“We’re seeing a big trend among customers to move cloud stacks inside customer’s data center for security, performance and governance,” Wang told TechCrunch.
There’s not really any qualitative (market share, penetration, or surveys – all pretty easy to lmgtfy) bits here, but I’d take it more as a slightly eyebrow raising thing along the lines of “if even TechCrunch wiffs out private cloud, maybe there’s some fire there.”
Plus, analyst quotes.
The $2.7 million contract involved in the program is between the Air Force and a Silicon Valley company, Pivotal Inc., that has often worked with large corporations such as Ford and Home Depot. The effort is expected to reach beyond the operations center in Qatar to eventually assist in similar U.S. military facilities across the world.
It was a project to digitize refueling aircraft, from the previously analog approach:
The visitors, part of then-Defense Secretary Ash Carter’s new Defense Innovation Board, were surprised to see that the Air Force used a white marker board to plan the elaborate daily effort to refuel aircraft involved in the war in Iraq and Syria, said Joshua Marcuse, the board’s executive director.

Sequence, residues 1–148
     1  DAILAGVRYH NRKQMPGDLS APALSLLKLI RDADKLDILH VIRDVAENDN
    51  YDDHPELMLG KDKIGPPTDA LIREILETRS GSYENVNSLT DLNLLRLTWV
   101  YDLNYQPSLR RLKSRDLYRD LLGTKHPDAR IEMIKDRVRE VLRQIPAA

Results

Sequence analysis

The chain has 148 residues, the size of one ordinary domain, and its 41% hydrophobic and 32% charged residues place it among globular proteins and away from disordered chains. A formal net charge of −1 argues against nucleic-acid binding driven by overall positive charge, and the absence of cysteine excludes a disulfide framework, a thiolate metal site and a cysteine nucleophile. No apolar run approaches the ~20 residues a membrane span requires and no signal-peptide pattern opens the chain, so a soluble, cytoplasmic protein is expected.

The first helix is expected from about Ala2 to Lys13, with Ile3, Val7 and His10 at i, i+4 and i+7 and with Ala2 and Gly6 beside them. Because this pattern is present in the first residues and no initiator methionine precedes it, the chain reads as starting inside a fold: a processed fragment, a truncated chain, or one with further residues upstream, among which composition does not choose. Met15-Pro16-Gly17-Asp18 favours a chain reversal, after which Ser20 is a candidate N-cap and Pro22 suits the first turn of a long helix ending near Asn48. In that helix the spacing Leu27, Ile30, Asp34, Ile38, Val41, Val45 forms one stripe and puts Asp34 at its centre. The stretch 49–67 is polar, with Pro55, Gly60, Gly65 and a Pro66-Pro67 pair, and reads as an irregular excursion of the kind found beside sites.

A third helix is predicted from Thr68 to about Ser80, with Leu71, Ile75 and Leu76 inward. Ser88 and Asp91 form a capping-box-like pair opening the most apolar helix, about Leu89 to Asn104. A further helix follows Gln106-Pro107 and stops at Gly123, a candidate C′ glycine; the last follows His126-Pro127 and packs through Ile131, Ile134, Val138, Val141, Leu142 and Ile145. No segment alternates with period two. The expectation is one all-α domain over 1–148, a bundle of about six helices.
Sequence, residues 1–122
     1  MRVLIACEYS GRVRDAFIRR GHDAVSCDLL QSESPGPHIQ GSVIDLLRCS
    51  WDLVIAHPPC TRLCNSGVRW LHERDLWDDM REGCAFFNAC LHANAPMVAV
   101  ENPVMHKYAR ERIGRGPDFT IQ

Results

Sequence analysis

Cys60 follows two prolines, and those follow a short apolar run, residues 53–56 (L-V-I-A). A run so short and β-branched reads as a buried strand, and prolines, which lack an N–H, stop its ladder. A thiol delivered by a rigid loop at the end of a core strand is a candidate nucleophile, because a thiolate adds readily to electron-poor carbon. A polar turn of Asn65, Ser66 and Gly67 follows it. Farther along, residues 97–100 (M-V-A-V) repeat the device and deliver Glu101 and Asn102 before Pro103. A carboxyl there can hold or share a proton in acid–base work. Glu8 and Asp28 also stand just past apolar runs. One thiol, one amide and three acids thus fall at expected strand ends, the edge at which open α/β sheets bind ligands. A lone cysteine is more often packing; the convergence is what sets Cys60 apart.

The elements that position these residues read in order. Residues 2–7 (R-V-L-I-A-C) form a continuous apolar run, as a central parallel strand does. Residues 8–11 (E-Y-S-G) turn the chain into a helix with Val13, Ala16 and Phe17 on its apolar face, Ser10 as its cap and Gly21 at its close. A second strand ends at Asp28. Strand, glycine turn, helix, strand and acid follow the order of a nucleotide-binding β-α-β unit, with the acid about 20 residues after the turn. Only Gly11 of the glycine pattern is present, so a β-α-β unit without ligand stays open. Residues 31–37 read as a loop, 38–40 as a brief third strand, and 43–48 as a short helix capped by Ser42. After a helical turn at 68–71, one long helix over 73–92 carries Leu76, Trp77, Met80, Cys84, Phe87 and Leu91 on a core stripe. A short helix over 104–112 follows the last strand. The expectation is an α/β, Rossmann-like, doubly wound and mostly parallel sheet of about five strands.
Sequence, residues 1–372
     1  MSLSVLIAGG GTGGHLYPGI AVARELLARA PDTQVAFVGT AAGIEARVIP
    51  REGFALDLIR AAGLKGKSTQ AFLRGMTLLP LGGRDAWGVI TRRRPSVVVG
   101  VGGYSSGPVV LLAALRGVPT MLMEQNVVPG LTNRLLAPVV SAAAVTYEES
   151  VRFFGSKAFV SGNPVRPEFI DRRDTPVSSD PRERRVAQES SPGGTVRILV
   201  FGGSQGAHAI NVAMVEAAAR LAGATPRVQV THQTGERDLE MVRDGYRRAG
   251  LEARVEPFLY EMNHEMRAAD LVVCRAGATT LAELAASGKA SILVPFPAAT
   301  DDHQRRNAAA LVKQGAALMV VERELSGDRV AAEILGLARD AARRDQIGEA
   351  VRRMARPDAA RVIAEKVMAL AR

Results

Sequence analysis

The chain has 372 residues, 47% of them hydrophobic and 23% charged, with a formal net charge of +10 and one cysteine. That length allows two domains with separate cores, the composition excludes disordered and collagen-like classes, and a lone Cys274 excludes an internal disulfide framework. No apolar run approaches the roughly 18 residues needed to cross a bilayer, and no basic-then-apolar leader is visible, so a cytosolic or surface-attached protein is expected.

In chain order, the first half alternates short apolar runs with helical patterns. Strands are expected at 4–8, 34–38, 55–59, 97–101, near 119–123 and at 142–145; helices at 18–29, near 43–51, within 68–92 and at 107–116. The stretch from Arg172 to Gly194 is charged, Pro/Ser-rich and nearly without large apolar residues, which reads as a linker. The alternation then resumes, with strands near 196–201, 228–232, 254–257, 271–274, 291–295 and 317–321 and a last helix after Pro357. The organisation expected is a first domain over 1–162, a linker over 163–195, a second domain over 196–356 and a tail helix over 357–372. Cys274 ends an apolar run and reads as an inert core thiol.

The next project will focus on improving the coordination and management of airstrikes. An initial version could be available by next month, and DIUx is hopeful deployed airmen could use it within a few months, Oti said. Other programs planned will focus on compiling analytical data about airstrikes and studying potential targets.
Source: The Pentagon has tried to get Silicon Valley on its side for years. Now it’s part of the air war against ISIS.
Some BOM’ing of Azure Stack: